Luis Buñuel

It might seem like nothing is sacred to Luis Bunuel, whose satire leaves nothing untouched, but behind his scathing assaults on politics and society, the bourgeoisie and the church, the rich and the poor, is a love of his characters in spite of (or perhaps because of) their barely concealed hypocrisies and neuroses.

Luis Bunuel was born in 1900 in Calanda, Spain, the son of a wealthy hardware merchant and his aristocratic wife and the eldest of eight children, and educated in religious schools until the age of fifteen, when he began to question his faith. To escape his rigid environment, he went to university in Madrid, where he joined a circle of writers and artists (including Federico Garcia Lorca and Salvador Dali) who influenced him to switch from science to the arts.

A movie fan from an early age, he immersed himself in the cinema after his mother arranged for him to become the secretary to a Spanish diplomat in Paris. He attended avant-garde filmmaker Jean Epstein's film school and worked on a few films (including Epstein’s THE FALL OF THE HOUSE OF USHER) before he made his first production. He created the surrealist landmark UN CHIEN ANDALOU (1929) in collaboration with Dali, but they split during their second film, the controversial L'AGE D'OR (1930). After a brief stint in Hollywood and difficulties with his third film, the documentary LAND WITHOUT BREAD (1933), the filmmaker spent the next decade dubbing and subtitling films in Spain and the United States. Bunuel relocated to Mexico in the mid-1940s and he immediately began working in the film industry, directing GRAN CASINO (1946) shortly after he arrived. Though he made mostly commercial comedies and melodramas in this period, Bunuel brought political overtones and a sense of surrealism to many of his assignments, such as WUTHERING HEIGHTS (1954) and the France/Mexico co-production DEATH IN THE GARDEN (1956), and was able to direct more personal productions between his commercial projects, in particular LOS OLVIDADOS (1950), a study of poverty influenced by Italian neorealist films and sprinkled with surrealistic moments.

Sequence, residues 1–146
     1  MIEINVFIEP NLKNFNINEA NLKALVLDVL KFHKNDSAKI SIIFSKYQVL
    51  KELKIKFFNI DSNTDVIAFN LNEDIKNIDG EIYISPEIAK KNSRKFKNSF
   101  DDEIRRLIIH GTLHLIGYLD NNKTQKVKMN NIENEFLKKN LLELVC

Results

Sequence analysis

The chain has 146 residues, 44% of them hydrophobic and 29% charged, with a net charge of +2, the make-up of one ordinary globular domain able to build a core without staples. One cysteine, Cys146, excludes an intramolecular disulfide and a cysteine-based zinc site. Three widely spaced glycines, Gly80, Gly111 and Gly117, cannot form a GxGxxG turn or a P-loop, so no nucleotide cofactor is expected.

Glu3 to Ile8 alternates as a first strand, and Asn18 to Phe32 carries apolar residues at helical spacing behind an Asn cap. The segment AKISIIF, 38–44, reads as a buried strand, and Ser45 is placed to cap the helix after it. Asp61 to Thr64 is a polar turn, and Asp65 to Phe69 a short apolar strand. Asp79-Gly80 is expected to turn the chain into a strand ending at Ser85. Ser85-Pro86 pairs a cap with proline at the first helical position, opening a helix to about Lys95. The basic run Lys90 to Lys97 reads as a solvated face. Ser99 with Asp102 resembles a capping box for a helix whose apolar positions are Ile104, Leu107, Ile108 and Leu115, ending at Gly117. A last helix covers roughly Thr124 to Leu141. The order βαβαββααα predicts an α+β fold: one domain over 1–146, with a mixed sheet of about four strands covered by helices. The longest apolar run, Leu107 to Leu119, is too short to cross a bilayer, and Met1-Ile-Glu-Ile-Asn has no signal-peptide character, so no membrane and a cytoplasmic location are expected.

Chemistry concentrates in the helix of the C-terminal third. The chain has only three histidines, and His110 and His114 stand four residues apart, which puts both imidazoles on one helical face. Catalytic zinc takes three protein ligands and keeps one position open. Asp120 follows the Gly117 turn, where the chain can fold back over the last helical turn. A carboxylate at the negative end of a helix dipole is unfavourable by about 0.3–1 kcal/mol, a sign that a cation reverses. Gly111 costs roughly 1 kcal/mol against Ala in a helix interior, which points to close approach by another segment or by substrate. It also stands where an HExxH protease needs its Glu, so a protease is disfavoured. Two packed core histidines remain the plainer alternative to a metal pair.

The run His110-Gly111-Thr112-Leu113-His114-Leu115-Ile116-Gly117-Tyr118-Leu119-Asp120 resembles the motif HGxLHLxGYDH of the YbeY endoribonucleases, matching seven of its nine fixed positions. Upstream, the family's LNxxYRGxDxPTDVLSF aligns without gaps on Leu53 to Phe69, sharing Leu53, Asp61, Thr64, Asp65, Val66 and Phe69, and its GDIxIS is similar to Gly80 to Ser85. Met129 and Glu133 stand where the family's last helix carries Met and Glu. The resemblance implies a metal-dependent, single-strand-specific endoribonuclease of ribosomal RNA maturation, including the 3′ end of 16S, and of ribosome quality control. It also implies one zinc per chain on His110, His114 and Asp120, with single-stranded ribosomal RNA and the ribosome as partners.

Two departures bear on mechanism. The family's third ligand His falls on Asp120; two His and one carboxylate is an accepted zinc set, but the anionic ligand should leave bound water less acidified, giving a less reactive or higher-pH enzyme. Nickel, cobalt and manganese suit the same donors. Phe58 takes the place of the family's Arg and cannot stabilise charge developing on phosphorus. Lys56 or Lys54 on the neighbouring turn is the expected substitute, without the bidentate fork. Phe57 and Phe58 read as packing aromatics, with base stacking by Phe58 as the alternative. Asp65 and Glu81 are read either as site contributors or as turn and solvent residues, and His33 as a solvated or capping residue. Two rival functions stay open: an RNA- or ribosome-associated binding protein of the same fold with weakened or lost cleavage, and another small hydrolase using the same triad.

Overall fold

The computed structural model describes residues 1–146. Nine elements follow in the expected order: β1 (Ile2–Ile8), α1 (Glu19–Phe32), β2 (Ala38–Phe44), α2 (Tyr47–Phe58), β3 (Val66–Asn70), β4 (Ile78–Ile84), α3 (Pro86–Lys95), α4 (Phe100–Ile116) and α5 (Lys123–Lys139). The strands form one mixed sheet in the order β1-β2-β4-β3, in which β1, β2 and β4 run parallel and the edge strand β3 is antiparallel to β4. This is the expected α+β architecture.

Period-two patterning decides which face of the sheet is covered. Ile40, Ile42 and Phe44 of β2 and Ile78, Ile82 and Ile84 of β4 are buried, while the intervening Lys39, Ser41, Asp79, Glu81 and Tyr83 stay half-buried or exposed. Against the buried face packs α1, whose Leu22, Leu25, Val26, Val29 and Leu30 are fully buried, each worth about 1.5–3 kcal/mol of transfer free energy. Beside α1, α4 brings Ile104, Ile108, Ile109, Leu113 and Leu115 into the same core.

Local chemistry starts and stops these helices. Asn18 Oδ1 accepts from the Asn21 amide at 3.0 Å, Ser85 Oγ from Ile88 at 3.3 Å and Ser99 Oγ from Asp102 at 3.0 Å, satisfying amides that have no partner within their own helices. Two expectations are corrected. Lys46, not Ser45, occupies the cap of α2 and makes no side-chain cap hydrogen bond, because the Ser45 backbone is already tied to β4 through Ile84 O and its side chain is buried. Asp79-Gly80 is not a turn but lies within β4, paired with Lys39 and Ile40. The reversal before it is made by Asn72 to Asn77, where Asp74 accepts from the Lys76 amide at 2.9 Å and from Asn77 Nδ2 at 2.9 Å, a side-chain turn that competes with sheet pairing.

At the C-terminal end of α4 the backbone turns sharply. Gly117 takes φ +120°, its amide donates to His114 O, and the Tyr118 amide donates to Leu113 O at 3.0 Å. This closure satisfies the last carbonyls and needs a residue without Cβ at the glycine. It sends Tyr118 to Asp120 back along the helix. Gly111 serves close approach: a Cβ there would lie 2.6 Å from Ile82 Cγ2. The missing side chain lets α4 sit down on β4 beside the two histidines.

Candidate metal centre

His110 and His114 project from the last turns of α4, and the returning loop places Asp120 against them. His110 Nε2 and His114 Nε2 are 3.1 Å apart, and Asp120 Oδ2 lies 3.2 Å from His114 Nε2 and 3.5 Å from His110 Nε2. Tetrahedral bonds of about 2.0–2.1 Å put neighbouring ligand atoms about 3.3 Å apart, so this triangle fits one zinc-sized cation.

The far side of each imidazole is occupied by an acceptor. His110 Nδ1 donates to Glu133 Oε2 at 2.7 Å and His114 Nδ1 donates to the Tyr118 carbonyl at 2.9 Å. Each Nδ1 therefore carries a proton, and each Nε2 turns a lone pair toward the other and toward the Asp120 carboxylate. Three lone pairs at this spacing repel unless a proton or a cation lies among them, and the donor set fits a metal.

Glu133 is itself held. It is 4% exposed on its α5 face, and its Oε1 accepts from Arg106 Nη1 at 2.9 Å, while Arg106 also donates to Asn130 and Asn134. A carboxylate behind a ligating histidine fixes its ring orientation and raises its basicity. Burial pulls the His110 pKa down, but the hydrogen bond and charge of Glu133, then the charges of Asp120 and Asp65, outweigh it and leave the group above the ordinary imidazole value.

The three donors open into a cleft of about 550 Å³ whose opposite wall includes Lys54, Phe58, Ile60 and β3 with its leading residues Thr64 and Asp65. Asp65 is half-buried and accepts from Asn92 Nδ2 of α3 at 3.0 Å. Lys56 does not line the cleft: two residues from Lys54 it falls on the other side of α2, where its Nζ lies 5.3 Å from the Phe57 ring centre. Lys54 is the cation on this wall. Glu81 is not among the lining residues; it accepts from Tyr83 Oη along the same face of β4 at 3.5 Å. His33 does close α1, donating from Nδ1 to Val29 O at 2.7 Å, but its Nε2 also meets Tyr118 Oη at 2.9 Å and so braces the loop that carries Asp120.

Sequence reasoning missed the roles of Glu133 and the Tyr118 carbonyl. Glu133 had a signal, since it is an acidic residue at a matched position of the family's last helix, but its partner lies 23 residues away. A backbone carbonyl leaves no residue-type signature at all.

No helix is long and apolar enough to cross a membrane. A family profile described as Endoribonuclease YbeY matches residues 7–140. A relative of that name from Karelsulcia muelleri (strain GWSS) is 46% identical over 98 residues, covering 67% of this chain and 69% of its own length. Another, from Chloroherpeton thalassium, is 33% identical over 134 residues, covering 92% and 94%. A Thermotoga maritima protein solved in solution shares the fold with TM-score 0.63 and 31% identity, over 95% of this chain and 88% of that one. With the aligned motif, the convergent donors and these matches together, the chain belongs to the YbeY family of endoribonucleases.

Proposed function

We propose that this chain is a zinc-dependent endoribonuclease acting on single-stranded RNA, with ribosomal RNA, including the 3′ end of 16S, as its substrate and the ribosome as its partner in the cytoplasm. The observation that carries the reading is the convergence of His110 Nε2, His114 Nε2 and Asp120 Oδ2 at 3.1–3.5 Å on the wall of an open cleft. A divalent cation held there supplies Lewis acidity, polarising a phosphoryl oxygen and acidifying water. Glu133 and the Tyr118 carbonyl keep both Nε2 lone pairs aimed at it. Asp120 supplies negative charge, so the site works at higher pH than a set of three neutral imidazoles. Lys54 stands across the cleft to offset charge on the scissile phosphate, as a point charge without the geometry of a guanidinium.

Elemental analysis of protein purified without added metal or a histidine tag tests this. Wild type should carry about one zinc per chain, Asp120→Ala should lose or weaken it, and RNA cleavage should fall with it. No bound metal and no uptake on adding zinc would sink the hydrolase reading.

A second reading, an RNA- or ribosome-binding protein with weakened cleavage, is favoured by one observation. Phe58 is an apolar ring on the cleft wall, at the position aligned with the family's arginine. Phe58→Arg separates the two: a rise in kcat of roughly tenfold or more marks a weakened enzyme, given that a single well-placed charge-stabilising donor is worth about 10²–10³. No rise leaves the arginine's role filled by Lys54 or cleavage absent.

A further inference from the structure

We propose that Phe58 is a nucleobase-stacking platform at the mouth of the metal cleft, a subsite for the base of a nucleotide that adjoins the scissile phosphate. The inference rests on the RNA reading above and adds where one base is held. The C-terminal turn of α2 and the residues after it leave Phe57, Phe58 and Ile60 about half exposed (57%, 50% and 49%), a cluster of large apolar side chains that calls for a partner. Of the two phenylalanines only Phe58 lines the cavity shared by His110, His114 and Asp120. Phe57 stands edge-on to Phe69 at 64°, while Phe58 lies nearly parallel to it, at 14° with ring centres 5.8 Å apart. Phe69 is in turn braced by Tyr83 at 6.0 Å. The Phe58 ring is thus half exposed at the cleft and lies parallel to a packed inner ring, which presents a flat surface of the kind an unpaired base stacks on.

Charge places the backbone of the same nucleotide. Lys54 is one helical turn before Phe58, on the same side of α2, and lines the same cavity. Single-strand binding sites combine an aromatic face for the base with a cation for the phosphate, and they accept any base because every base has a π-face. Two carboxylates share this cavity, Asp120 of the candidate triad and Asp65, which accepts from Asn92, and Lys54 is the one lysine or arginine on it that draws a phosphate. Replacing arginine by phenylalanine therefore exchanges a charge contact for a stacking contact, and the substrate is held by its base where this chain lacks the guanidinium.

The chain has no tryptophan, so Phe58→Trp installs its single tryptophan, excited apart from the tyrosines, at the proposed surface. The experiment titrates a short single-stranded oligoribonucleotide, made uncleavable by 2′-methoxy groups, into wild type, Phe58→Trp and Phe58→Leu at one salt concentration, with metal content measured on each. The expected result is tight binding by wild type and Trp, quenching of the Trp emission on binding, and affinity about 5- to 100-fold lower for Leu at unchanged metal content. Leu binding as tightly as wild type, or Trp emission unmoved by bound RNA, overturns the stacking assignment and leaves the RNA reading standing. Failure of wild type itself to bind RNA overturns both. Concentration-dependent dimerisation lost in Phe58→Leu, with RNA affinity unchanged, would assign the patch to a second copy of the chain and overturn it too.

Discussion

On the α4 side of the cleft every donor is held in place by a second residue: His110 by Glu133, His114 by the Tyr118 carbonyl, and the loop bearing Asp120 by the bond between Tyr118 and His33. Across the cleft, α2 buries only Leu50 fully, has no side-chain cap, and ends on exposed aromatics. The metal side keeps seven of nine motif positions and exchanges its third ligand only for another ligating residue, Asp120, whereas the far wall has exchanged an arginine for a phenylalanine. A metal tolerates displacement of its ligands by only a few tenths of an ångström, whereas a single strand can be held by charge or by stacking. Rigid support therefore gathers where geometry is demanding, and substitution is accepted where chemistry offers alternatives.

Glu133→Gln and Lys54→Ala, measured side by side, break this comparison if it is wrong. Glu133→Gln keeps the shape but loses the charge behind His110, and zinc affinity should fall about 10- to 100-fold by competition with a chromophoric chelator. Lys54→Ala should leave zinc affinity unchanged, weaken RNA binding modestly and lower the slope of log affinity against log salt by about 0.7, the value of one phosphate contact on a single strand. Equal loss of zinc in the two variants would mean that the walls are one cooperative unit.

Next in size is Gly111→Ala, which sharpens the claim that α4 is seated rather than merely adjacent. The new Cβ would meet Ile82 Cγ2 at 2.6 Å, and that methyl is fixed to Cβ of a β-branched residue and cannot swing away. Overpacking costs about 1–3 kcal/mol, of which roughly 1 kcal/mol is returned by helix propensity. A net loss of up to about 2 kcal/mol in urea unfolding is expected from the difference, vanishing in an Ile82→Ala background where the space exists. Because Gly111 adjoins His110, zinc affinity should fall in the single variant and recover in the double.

He returned to Spain in 1960 for the controversial VIRIDIANA, which was immediately banned in Spain and denounced by the Vatican. After making THE EXTERMINATING ANGEL (1962) in Mexico, Bunuel moved to France where he remained for the rest of his career. At more than sixty years old and at the height of his critical acclaim, he returned to the freedom and preoccupations of his earliest films: satirizing the church and the bourgeoisie, exploring sexual desire and violent behavior (often together), puncturing social conventions and turning cultural stereotypes on end. His narratives are witty and unpredictable but his visual style is surprisingly simple and direct, full of long takes and moving cameras focused on the characters and the action. His final films, from DIARY OF A CHAMBERMAID (1964) to THAT OBSCURE OBJECT OF DESIRE (1977), were almost without exception greeted with critical acclaim and he attracted the best actors within France. After retiring from filmmaking three times, Bunuel died in 1983.
- Sean Axmaker


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